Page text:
Vintage Snowshoe Tours
s we hike into the Cottonwood forest, we become aware that the crunch of our snowshoes on dry powder snow is all we hear. Soon we are in the middle of a black and white photograph. The white of winter’s snow and the grey trunks and branches of Cottonwood trees are all we can see. Color has vanished, so has the horizon and any sense of direction. Soon we see animal tracks in the snow, a dotted line left by a Red Squirrel as it hops between tree trunks. A double set of very deep tracks follows a now dry flood channel. Closer inspection reveals the print of a dewclaw behind the hoof print, the tracks of a Cow Moose and her Calf. We see a shallow trench plowed by a slow plodding Porcupine as it moves from tree to tree.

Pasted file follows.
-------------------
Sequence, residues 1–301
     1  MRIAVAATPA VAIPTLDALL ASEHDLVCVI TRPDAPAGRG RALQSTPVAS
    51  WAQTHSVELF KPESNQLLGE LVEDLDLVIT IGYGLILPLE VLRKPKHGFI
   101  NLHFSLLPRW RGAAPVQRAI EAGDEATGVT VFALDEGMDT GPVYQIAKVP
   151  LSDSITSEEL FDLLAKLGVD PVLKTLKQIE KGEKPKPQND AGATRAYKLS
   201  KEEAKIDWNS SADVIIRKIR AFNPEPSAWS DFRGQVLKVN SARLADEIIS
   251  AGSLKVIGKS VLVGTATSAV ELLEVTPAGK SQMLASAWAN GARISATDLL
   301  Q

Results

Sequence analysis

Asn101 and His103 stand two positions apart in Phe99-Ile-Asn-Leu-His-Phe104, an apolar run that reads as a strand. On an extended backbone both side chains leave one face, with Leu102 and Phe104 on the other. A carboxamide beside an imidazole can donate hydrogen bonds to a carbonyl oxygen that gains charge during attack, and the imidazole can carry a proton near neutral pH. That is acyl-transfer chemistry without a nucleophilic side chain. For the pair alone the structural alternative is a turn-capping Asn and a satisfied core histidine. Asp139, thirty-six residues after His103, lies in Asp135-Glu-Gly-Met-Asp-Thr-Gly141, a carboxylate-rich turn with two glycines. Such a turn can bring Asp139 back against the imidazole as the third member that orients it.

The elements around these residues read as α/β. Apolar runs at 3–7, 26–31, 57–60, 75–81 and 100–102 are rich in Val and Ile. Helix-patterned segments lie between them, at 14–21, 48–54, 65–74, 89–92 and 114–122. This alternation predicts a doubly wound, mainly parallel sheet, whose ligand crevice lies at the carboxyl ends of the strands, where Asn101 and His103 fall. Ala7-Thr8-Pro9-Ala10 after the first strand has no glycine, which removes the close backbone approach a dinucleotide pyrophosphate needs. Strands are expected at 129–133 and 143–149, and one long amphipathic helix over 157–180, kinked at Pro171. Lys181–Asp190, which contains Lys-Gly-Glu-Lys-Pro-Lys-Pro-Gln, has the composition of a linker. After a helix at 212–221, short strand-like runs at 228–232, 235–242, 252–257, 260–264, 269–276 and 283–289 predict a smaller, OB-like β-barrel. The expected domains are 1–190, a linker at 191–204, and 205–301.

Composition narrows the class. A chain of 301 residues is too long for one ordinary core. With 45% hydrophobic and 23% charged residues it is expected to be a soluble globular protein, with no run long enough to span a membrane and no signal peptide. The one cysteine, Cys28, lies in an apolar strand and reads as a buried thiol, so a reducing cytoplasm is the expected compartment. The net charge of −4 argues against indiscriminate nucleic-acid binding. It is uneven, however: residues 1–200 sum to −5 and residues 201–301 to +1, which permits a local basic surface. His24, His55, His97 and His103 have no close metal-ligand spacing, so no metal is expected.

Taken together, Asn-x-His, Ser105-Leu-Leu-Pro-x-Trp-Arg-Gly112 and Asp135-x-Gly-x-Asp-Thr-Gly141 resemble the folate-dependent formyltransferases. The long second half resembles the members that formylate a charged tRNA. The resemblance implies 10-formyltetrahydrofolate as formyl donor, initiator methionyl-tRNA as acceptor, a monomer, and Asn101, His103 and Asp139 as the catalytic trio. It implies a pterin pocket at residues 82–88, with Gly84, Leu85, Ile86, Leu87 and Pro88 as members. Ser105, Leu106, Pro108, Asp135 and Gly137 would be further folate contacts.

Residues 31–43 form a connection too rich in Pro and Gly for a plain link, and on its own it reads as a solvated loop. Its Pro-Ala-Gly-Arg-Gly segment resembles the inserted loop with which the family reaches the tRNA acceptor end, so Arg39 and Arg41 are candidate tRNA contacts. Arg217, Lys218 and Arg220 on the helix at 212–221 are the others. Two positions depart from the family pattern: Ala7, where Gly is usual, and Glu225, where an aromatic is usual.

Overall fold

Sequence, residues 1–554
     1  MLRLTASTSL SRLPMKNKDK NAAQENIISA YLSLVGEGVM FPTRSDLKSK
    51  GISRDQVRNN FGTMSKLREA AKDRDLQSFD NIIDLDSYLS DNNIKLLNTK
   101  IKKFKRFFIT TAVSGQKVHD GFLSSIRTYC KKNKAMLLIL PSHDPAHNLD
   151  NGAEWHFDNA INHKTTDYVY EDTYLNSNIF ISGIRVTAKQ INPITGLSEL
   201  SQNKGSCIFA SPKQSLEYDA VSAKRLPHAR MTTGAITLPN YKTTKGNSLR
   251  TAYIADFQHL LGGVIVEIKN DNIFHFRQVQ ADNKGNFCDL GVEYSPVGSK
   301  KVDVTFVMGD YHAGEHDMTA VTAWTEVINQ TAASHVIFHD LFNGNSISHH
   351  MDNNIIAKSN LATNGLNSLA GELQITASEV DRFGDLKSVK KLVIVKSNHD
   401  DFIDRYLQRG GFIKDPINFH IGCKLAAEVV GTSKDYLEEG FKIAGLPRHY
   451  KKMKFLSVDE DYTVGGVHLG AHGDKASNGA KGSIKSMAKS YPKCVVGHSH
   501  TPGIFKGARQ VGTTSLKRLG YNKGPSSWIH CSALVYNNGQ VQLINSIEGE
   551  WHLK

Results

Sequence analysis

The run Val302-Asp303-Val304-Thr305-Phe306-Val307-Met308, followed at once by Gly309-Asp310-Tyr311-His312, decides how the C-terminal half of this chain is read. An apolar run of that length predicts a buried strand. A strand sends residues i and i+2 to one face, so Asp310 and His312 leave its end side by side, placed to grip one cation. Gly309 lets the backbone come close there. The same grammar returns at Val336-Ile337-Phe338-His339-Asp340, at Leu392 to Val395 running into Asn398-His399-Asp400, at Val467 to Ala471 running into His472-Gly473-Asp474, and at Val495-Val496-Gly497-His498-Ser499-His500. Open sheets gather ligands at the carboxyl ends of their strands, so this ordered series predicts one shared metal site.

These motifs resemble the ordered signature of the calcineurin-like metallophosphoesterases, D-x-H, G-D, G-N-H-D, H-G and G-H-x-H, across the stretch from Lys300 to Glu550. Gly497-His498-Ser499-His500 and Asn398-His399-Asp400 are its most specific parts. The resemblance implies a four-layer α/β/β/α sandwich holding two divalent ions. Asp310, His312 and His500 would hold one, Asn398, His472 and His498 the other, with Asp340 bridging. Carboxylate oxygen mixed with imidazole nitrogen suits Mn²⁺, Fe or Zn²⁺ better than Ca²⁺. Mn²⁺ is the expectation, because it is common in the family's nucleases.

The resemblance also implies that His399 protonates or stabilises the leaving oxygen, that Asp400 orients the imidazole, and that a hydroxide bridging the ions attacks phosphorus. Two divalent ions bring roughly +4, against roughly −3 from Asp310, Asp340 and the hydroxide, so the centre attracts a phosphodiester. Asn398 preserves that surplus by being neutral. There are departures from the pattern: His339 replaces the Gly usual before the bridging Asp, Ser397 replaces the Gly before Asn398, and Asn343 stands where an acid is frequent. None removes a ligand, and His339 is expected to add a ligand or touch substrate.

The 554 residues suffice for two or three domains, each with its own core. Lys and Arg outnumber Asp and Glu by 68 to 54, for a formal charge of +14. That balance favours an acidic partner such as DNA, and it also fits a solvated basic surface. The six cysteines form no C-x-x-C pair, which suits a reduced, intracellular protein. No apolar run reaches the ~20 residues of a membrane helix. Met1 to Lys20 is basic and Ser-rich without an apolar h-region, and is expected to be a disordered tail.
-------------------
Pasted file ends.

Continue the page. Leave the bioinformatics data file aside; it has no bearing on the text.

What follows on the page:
After a short hike we hear the sound of rushing water and dense trees give way to open views of the Snake River. To the north we see the Tetons towering above the valley. As we approach the edge of the riverbank, a pair of Trumpeter Swans explode from a quiet eddy. They run across the surface of the water, on black webbed feet larger than a man’s hand, their huge white wings beating loudly as they gain speed. Suddenly all goes quite as the graceful birds take to the air. Now only their trumpeting sounds can be heard. The swans spook a flock of Goldeneye Ducks momentarily filling the sky with flying waterfowl.